With permission from the University, the History Department is currently in the middle of an unprecedented recruiting project intended to expand its already large faculty roster.
Last year’s unusually high faculty turnover, which included five new hires, two retirements and one departure, might have suggested that this year’s recruitment activity would be a bit subdued. But the department is proceeding just as aggressively this year, History chairman Jon Butler said.
“We may have as many as 10 new searches this year, which is unprecedented for the department,” Butler said. “It’s unusual to get five new faculty in a year. But if our searches are successful, we’ll have even more this year, which would be a considerable shift in faculty.”
Butler said a need for more faculty sparked the department’s expansion. As the most popular undergraduate major, the department has to read between 220 and 230 senior essays annually.
At the moment, the department is actively searching for seven new professors, including two at the senior level.
After failing to net a senior appointment for modern Japanese history last year, Butler said the department is currently trying to decide its course of action for another offer. In the interim, visiting history professor Takashi Yoshida is teaching a course on the subject.
“Compared to Chinese history, I think Japanese history is not so strong at Yale,” Yoshida said. “I think Yale should spend the time and the money to hire a senior scholar in Japanese history.”
Princeton University professor Laura Engelstein is the leading candidate for a senior appointment in modern Russian history, said Paul Freedman, director of undergraduate studies for history.
Attempting to broaden course offerings, the department has also begun advertising junior positions for the history of medicine, Caribbean history, history of Byzantium, post-1945 U.S. history, and 20th century Middle Eastern history.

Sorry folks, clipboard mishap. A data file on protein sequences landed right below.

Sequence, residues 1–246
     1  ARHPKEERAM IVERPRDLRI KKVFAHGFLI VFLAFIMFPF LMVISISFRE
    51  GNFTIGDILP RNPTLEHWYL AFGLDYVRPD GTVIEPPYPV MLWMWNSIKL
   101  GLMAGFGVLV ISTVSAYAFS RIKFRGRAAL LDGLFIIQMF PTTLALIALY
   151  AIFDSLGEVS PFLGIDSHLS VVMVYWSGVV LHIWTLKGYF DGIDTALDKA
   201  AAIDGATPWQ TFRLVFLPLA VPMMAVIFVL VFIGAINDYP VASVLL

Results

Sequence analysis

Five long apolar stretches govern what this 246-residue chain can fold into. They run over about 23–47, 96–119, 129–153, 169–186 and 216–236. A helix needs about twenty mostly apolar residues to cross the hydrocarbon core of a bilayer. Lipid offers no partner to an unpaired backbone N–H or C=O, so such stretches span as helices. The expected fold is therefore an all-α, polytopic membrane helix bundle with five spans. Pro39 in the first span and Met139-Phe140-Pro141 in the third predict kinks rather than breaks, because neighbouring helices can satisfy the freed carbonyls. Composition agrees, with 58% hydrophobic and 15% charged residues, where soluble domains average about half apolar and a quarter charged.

“[The appointments] will affect the courses that will be offered to students,” Freedman said. “It’ll add some new fields and replace some fields that we haven’t offered in a long time.”
Butler said Caribbean history would be an exciting addition to the department.
“It’s a very promising field at the junior level,” Butler said. “It’s interesting because of its extraordinary mix of ethnicities, languages and religions. In a peculiar way, the Caribbean prefaces the coming of multiethnic societies in the rest of the world.”
The department is also trying to revive Byzantine history, a field which has not been taught regularly since the retirement of Deno Geanakoplos in 1988.
But despite the department’s renewed commitment to world history, Freedman said the department would also build on its strengths.
“We have no intentions of sacrificing anything in the traditional fields of European or American history,” Freedman said. “There are always new kinds of questions and concerns within those traditional fields.”
In fact, the department is also seeking authorization to advertise positions in 19th century U.S. history and American women’s history.
Yale College Dean Richard Brodhead said this recent expansion presented a stark contrast to the department’s state in the early 1990s.
“Six or eight years ago, the History Department was very anxious because it had so many major retirements coming along at the same time,” Brodhead said. “But in recent years, the department has had enormous success in hiring top scholars who are also great professors, and I presume they’ll have that same success again this year.”
Butler said this recent shift in faculty does not have negative implications.
“It signals a lot of activity and vigorous thinking,” Butler said. “Instability can, in fact, be lethargy, and this is not a lethargic department.”
But expansion does not come without its sacrifices. The standard pattern for academic recruiting includes a comprehensive review of the person’s works as well as three or four campus visits.
“It’s a costly process in terms of money and time,” history professor John Gaddis said. “But the University has been generous in giving us financial resources, so we have no problem carrying these costs. The bigger problem is time.”
History major Noreen Brody ’03 said that while she is excited about the prospect of more diverse course offerings, there are other issues that could be addressed by the department.
“I think studying history from a different perspective is important,” Brody said. “I’ve used art, literature and some other different methods in studying history, and I thought that was more interesting than standard, textbook style criticisms.”